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The First 1% Is the Hardest ... And the Last 1% Is Tough Too

Updated on May 27, 2013

What's the difference between finished and almost finished?

Surely it's just a case of tying up a few last loose end? After all, the majority of the work has been done. And our natural tendency is to slacken off towards the end of a task, making the final stages particularly tough. So, is it really worth forcing ourselves to push through to completion?

Yes! It is! Resisting the temptation to fall at the final hurdle brings massive benefits.

success in life
success in life

This is because our brains love a sense of completion. Although, logically, the difference between 99% and 100% is only a fraction, the psychological effect from that final 1% is huge. In fact, our brains get so much pleasure from the conclusion of a task, that they reward us, literally, with a surge of happy-hormones!

According to Brain Tracy, author of Goals, when you complete a task of any kind, your brain releases a small quantity of endorphins. He says, 'This natural morphine, Nature's Wonder Drug, gives you a sense of well-being and elation. It makes you feel happy and peaceful. It stimulates your creativity and improves your personality.' That's quite a rush! All from that final 1%.

'There are two kinds of people, those who finish what they start and so on...' Robert Byrne

finish your tasks
finish your tasks

This process works whatever the size of the task. Admittedly, the more important the challenge, the greater the endorphin-rush on completion, but even the fulfillment of small tasks can make you feel happy and exhilarated.

Knowing that you'll experience this thrill can provide some much needed motivation to get you through the final stages. But perhaps even more compelling is the lasting effect these mini-successes will have on your self-esteem and self-image. The positive results of these minor triumphs go way beyond the task in hand.

Developing an attitude of achievement in anything improves your chances of success every aspect of your life. When you regularly feel like your are winning, (even if it is only against the Laundry Mountain!), it won't be too long before you become a winner - in whatever you set your mind to.

An entire philosophy of success (Psycho-Cybernetics) is built on this idea. Studies on the human brain have shown that creating and focusing on small successes in everyday life is the basis for more monumental success in any area you choose - health, wealth, career.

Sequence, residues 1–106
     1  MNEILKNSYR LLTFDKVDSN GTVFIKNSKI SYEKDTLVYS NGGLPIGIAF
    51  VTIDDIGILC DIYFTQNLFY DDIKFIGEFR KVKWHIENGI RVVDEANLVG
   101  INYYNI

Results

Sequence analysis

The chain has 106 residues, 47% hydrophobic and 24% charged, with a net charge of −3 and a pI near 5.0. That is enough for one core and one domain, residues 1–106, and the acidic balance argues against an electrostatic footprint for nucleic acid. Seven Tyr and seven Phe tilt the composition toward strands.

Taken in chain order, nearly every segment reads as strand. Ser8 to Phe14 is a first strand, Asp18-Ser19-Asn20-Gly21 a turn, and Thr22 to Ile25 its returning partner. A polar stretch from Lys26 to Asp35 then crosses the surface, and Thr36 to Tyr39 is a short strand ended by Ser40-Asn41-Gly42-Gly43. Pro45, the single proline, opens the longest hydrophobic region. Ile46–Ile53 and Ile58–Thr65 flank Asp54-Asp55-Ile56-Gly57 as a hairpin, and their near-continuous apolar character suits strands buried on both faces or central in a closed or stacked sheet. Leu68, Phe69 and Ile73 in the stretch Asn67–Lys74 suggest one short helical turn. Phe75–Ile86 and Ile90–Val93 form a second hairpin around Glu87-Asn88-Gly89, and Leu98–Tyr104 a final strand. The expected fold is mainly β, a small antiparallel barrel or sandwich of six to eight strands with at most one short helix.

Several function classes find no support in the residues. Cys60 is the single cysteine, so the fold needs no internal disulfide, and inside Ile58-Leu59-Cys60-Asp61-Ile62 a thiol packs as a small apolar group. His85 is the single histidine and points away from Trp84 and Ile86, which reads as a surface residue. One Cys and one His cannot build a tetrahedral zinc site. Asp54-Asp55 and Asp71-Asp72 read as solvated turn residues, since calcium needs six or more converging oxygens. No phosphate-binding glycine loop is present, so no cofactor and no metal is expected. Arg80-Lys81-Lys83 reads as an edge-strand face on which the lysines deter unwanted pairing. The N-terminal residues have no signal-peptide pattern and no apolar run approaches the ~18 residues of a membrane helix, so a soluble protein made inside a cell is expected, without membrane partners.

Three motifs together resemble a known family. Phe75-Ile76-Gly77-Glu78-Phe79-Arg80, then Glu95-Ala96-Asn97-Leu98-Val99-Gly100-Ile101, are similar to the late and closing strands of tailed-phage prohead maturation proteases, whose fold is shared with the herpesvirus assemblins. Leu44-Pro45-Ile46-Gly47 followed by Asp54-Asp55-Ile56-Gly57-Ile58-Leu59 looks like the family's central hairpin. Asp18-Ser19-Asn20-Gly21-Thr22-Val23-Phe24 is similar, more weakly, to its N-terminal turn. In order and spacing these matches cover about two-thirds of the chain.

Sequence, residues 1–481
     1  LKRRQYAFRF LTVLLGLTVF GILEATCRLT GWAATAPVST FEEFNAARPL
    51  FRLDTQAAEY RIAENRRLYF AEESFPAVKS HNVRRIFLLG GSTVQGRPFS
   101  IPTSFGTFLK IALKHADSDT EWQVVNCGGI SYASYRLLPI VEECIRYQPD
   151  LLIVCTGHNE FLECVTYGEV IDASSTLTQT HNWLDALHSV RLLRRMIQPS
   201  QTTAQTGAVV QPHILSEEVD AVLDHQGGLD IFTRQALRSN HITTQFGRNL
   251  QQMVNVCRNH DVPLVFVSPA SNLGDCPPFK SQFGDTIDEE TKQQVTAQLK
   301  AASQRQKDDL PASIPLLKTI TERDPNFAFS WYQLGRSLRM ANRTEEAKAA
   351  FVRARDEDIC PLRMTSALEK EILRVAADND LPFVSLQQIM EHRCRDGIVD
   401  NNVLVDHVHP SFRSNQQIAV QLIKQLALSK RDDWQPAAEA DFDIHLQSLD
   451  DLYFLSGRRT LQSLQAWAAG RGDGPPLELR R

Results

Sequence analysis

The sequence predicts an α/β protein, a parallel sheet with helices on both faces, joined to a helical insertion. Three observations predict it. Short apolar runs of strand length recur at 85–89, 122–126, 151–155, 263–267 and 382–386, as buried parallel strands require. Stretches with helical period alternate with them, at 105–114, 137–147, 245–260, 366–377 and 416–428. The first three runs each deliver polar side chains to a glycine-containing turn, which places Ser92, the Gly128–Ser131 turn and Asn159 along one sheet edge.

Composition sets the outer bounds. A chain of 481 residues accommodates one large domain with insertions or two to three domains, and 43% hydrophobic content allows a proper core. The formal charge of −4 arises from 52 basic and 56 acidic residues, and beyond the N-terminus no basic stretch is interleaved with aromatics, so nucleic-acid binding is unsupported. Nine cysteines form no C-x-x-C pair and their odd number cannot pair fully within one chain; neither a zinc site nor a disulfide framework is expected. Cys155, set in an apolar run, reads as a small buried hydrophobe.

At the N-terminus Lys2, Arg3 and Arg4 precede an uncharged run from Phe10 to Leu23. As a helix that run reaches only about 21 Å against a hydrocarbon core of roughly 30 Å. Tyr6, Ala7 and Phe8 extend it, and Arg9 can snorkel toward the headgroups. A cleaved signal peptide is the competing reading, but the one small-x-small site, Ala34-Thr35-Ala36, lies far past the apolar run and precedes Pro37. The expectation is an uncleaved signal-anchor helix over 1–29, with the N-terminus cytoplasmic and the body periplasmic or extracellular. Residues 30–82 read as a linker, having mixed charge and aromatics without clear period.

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Worth it reading!

life is beautiful
life is beautiful

'When you experience that winning feeling, your internal machinery is set for success.' - Maxwell Maltz

When you know, with confidence, that your habitually complete whatever you set out to do, you become unstoppable. So whatever your ambitions beyond the home, you can greatly improve your chances of achieving them, simply by finishing those seemingly unimportant domestic chores.

In addition to helping you achieve more, there are emotional benefits to totally completing your tasks. For proof of this, picture the reverse. How do you feel about unfinished tasks? Those niggling little jobs are so-called for a reason. The dictionary defines 'niggle' as: a slight but persistent annoyance, discomfort and anxiety. That last 1% may be proportionately small - but it can really bug you!

Incomplete actions are a major source of stares and anxiety. They rob you of mental and emotional energy, affecting your mood and very often your sleep. Compare this to the feeling of elation and relief when you complete the task, and you wonder, why didn't I do it sooner and save all that stress and worry?

So, it's in your own interest to aim for 100% completion. The only trouble is... it is very tempting (and common) to ease off towards the end of a task, to stop when you are 'more of less' finishes. Total completion will not usually be the easiest option (in the short term). At times, it may take Herculean efforts to get there.

life is good
life is good

Completing is a skill and like any skill, when practices, it gets easier.

The more you force yourself to finish tasks, the more automatic it will become. You'll develop a completion-habit. You will become a nature finisher.

It may also help to keep in mind the triple whammy of benefits that come from completing a task. Firstly, there's the enjoyable (not to mention healthful) psychical high from the endorphin rush. Secondly, your experience a heightened sense of achievement and capability - with long lasting and powerfully positive results. And thirdly, you reduce a good deal of unnecessary angst and stress from your life.

Being aware of these benefits can be very motivating. So when you are tempted to give up at 'almost done', just keep in mind that winning feeling. Remember that by resisting the temptation to give up, you are embedding a powerful message in your self-image. You are training yourself to become someone who gets things done. Simply anticipating the good feelings and the boost to your self-esteem can give you the extra drive you need to finish that final 1%.

So, recognize that you will naturally resist those final efforts, but you can fight this temptation by keeping you eye on the prizes of completion. You can discipline yourself to power through to the finish line. Though these last efforts may feel like the toughest, they will be the most rewarding. They carry with them the promise of satisfaction, fulfillment and a mind set for success.

And this positive mental attitude is the Holy Grail, for greater accomplishment and achievement within the home, and beyond.

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